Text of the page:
- Bell peppers
- Goji berries
- Egg plants
- Red pepper flakes
- Spices made from peppers
- And more…
Potential health risks
As you can see from the list of food sources above, edible nightshade vegetables are generally very healthy and beneficial, which is why many paleo diets incorporate a number of nightshade vegetables into their meal plans. With that being said however, some people do suffer with nightshade sensitivities, especially people that are already suffering with autoimmune diseases and disorders. The reason for this is that there are certain nightshade vegetables which contain compounds that have been found to contribute towards inflammation and swelling, which could then cause pain and discomfort. Two potential compounds to be wary of, are: Solanine and Glycoalkaloids. These compounds have been found to cause muscle stiffness and soreness, muscle spasms, aches, pains, inflammation, swelling, tenderness, and headaches. Different people will have different tolerances to these compounds, so there may be some people who barely notice any painful side effects at all, yet there may be others who suffer a great deal when they consume a nightshade vegetable containing these compounds. For particularly sensitive individuals, studies have found that it can take as much as three months for pain associated with inflammation caused by nightshade consumption, to be reduced. As it can take so long to begin to notice improvements, many people who are trying to cut back on nightshade consumption, will eventually simply give up as they think that it isn’t working for them.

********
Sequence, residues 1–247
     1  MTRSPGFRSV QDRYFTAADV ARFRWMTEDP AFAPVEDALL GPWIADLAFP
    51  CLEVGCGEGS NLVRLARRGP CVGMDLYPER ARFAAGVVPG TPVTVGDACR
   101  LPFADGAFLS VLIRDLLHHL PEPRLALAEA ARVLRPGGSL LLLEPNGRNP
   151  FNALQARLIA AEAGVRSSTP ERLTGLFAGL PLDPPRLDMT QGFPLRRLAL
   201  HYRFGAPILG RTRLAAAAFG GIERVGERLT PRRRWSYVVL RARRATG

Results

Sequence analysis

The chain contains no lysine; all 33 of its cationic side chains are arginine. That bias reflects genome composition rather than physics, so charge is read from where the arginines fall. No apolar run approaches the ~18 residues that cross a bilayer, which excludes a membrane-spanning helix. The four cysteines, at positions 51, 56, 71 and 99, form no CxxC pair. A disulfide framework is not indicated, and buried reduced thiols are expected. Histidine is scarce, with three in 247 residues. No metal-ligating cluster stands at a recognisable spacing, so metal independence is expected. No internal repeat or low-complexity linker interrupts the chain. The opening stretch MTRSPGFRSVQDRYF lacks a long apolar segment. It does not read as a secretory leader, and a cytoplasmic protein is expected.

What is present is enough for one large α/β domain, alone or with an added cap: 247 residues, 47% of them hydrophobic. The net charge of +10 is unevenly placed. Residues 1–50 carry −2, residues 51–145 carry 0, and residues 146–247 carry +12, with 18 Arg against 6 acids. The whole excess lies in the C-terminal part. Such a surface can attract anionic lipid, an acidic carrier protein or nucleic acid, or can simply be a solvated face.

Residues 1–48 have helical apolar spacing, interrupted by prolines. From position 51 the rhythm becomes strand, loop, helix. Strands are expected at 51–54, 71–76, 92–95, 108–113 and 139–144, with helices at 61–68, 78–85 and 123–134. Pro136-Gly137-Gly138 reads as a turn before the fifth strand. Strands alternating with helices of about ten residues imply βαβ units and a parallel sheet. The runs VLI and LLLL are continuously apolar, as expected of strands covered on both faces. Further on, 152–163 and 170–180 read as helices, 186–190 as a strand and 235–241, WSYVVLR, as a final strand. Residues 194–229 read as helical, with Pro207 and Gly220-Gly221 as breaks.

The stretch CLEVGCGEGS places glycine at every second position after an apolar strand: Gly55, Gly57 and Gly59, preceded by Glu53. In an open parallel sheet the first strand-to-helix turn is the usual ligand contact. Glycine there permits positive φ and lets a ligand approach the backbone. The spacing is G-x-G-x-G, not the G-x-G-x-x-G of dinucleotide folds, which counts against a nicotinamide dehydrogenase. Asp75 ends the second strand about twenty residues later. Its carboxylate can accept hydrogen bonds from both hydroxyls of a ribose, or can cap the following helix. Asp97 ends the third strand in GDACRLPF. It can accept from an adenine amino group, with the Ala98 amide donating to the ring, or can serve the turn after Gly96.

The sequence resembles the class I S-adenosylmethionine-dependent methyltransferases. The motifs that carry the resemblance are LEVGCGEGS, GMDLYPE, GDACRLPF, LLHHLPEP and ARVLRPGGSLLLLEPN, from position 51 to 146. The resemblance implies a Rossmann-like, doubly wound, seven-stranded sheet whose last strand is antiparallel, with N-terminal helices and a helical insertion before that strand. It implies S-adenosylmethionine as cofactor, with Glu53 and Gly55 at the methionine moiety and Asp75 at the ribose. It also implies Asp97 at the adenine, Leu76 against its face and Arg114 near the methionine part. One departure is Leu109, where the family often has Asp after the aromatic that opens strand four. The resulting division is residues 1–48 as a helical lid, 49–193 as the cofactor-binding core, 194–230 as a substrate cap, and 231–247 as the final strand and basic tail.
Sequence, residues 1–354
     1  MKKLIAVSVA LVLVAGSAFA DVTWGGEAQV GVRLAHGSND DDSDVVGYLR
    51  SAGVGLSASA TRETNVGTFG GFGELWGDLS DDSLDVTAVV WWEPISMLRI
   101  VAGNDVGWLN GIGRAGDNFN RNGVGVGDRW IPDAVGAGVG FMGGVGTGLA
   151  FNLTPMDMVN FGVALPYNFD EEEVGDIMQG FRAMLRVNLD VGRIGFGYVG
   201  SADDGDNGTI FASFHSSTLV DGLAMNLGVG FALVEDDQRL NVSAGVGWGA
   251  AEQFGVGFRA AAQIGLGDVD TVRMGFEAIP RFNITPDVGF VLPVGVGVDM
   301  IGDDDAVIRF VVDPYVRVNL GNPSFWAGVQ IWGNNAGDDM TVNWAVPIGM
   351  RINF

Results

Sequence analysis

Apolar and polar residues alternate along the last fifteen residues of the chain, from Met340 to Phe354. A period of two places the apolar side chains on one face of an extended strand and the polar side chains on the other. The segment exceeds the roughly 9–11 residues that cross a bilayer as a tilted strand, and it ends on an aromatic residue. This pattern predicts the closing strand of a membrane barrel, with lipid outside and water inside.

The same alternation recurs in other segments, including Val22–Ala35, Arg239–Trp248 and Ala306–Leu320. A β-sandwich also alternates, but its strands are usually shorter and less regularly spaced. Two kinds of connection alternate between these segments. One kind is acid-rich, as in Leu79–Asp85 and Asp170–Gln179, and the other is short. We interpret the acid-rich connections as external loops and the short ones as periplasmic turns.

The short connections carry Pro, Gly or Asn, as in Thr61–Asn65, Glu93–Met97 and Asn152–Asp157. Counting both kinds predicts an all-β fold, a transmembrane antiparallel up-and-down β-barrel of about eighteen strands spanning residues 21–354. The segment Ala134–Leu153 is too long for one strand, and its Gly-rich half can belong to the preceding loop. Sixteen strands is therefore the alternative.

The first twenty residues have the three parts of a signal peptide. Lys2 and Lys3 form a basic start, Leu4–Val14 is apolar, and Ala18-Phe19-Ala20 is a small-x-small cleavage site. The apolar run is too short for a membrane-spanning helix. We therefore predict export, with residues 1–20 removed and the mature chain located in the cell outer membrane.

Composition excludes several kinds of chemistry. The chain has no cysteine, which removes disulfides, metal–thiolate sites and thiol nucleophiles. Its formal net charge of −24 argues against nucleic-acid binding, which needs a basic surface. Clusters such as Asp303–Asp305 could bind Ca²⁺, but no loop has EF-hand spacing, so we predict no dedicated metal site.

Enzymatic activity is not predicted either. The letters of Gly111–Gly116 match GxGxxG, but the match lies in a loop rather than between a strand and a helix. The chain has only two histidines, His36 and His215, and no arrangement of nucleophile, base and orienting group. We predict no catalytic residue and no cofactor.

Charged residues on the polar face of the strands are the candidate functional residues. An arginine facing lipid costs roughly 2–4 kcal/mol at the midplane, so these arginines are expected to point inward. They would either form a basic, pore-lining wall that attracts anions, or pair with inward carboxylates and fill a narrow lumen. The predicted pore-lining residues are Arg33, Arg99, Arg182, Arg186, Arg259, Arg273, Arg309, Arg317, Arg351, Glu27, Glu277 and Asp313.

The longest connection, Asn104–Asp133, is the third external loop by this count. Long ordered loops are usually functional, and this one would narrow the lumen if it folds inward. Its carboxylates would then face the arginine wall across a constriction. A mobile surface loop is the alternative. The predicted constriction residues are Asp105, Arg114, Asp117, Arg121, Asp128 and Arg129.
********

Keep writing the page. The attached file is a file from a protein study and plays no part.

Who is at the highest risk